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Pits, Fissures and Watermarks

 

 

Many granite varieties have natural characteristics such as "pits," "fissures" or "water-spots" which can be a source of needless concern. "Pitting" occurs because of the crystalline composition of granite. As granite was formed and cooled deep beneath the earth's surface small empty pockets developed between the various mineral crystals in the stone. Over time these voids were filled with softer minerals. When granite is cut and polished the deposits of soft minerals are removed leaving the appearance of pits on the surface.

Fissures look like small, hairline cracks in the polished surface of the slab. Fissures are most clearly visible in granite varieties that display large crystals like Verde Butterfly, Delicatus Gold or Marron Cohiba. A fissure is defined in the granite industry as a "visible separation along intercrystalline boundaries or the voids between mineral crystals.” They develop during the repeated cycles of heating and cooling during the stone's formation.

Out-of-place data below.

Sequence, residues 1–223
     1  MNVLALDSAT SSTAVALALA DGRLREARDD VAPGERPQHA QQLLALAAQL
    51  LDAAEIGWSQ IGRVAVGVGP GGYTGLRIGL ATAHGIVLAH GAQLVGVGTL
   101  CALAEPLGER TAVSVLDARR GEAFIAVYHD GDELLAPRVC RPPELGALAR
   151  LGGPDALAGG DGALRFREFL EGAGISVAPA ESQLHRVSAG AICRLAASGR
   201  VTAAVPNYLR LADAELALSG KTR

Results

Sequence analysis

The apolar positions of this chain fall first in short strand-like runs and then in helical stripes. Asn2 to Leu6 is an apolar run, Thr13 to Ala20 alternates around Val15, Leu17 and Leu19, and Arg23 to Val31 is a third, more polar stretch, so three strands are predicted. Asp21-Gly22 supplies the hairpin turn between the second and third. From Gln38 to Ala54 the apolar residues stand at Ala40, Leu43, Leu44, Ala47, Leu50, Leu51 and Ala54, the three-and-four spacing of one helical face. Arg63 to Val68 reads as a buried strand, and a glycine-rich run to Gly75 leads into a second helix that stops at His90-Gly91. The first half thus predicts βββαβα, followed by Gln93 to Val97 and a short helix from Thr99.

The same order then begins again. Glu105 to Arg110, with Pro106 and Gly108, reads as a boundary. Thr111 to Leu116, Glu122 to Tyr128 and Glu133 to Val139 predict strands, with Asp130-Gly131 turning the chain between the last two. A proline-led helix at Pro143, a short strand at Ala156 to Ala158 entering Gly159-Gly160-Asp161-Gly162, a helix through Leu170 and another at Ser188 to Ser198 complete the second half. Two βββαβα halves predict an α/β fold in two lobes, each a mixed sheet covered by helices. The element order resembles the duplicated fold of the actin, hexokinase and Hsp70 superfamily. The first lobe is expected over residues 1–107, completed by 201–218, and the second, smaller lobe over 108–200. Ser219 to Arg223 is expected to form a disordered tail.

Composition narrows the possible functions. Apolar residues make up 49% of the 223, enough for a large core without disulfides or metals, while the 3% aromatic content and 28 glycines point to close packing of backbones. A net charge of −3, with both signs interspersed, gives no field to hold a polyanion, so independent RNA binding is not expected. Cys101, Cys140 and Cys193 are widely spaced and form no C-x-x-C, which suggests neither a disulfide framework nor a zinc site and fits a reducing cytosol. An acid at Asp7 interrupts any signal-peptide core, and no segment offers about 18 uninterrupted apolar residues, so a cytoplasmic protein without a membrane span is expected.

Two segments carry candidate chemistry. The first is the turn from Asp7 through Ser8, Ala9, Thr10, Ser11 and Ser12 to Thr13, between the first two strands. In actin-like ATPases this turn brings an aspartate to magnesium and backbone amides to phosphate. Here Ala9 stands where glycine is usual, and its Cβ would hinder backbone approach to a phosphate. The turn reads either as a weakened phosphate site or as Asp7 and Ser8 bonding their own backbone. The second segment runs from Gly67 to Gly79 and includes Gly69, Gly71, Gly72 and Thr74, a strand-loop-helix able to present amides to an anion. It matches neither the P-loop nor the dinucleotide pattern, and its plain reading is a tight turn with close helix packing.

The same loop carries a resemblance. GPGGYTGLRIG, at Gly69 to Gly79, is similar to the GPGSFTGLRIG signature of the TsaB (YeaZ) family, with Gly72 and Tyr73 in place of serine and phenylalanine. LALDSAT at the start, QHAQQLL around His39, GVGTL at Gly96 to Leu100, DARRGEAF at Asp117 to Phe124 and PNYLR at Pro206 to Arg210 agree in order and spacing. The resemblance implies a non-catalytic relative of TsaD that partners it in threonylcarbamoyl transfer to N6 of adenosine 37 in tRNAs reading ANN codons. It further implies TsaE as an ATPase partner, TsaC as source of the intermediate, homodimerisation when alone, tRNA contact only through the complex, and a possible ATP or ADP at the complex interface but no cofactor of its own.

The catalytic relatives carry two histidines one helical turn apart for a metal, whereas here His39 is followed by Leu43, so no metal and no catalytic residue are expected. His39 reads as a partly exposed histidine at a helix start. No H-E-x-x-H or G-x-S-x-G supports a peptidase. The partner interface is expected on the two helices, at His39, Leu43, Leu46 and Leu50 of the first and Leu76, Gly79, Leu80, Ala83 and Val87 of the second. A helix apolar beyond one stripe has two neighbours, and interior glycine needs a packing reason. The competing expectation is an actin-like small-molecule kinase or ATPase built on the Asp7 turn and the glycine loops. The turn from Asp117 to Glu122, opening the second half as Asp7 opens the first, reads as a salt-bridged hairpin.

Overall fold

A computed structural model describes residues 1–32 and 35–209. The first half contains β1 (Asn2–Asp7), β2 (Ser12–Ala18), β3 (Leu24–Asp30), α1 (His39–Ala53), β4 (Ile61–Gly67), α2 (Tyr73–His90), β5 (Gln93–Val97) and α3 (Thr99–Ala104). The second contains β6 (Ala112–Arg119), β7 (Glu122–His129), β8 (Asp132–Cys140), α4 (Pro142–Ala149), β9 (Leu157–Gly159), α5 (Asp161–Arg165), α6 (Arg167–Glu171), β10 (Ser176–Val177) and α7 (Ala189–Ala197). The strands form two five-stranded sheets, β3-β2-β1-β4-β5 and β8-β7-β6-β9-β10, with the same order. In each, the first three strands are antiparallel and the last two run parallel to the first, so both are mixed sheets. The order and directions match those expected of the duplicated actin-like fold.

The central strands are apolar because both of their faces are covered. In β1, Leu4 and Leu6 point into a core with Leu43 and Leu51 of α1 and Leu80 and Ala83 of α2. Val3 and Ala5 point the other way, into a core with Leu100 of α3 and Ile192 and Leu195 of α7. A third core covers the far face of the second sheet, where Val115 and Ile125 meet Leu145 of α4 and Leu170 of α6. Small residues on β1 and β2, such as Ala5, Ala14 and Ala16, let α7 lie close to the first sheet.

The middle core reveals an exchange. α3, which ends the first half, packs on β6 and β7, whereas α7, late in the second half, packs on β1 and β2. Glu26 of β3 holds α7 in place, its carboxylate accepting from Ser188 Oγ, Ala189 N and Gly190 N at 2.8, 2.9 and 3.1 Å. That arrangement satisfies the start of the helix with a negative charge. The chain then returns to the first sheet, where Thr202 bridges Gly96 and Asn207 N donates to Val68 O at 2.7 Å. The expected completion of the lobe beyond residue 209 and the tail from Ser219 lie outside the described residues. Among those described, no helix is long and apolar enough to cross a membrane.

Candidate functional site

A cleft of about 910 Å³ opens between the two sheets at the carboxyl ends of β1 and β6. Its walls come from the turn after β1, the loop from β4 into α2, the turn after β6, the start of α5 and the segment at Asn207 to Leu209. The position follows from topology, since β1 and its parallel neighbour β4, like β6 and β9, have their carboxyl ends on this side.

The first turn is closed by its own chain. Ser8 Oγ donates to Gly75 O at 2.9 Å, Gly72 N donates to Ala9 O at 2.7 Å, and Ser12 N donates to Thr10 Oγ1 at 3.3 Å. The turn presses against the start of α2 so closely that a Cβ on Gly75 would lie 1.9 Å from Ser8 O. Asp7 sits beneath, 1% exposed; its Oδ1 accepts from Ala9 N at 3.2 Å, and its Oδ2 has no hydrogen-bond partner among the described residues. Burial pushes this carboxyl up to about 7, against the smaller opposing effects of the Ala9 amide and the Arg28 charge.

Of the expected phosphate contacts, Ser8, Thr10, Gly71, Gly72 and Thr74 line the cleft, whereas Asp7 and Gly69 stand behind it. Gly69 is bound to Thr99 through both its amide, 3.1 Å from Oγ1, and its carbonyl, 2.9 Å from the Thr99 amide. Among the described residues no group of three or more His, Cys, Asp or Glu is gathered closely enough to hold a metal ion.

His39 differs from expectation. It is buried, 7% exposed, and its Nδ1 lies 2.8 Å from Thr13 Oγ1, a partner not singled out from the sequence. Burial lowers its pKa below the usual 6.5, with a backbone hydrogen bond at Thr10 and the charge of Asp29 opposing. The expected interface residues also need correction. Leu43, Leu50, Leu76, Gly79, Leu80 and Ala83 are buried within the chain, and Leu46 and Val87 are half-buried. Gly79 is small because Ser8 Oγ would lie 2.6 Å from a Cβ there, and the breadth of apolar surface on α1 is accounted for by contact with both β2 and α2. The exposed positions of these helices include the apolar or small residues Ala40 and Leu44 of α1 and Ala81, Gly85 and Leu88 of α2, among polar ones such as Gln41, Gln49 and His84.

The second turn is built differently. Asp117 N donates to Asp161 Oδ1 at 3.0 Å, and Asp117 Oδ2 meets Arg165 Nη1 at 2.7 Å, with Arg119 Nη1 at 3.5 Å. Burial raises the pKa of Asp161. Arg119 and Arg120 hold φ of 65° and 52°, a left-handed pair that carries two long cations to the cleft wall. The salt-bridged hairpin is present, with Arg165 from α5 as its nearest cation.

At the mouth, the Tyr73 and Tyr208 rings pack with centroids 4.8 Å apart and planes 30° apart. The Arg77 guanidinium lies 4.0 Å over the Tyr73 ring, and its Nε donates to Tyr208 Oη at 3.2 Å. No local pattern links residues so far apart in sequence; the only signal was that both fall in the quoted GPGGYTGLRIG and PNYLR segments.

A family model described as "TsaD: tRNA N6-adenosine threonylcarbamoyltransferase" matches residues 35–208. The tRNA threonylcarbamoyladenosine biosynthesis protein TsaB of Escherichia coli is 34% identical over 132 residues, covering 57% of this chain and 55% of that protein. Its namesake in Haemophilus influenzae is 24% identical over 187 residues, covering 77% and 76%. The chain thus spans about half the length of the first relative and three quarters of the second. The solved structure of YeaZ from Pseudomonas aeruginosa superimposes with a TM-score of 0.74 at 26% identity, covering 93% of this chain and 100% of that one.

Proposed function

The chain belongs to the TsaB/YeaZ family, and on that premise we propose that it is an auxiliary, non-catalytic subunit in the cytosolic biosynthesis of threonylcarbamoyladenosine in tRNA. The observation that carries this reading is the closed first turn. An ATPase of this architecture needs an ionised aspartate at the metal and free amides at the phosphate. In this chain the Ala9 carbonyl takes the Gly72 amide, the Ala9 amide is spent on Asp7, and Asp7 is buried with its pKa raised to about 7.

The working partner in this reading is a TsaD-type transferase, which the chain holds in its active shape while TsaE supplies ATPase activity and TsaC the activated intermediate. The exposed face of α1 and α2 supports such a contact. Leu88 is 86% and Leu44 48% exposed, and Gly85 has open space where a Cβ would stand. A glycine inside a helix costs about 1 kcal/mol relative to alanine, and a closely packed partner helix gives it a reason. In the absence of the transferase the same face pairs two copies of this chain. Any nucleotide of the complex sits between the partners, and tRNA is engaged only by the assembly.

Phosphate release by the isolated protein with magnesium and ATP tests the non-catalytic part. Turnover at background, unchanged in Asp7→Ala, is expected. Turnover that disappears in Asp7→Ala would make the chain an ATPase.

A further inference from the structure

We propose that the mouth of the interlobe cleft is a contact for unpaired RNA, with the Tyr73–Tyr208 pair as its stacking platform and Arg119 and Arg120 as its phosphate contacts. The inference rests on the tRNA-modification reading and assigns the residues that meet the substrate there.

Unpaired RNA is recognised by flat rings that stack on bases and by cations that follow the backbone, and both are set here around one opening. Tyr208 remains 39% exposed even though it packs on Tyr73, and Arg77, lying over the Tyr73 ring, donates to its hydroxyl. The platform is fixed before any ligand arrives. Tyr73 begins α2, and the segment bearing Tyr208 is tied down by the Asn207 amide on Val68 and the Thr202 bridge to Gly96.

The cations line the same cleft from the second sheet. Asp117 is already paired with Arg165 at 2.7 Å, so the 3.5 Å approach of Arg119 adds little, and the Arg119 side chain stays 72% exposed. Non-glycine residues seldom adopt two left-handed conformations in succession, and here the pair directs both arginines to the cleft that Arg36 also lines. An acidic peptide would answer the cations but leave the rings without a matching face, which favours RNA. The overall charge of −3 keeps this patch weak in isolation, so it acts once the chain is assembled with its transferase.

Fissures should not be confused with cracks. Fissures appear on the polished surface of a slab. A crack is a physical separation in a slab.  Cracks can happen when the stone is quarried or during handling, fabrication, transport, or even by the force of structural stress after installation.

"Watermarks” appear to be areas dullness on the surface of certain colors. They occur during the polishing process. The composition of some granite and marble contain surface deposits of softer minerals that cannot be polished to a high gloss.

The visibility of pits, fissures and dull spots can be magnified by the lighting conditions of a room. Low angle lighting such as sunlight spilling onto a countertop through a kitchen window or under-the-cabinet lighting will accentuate these imperfections more than high angle, overhead lighting.

Their presence is normal and will not compromise the integrity of a countertop. In addition when countertops are sealed any pits, fissures or water-marks are fully protected from staining.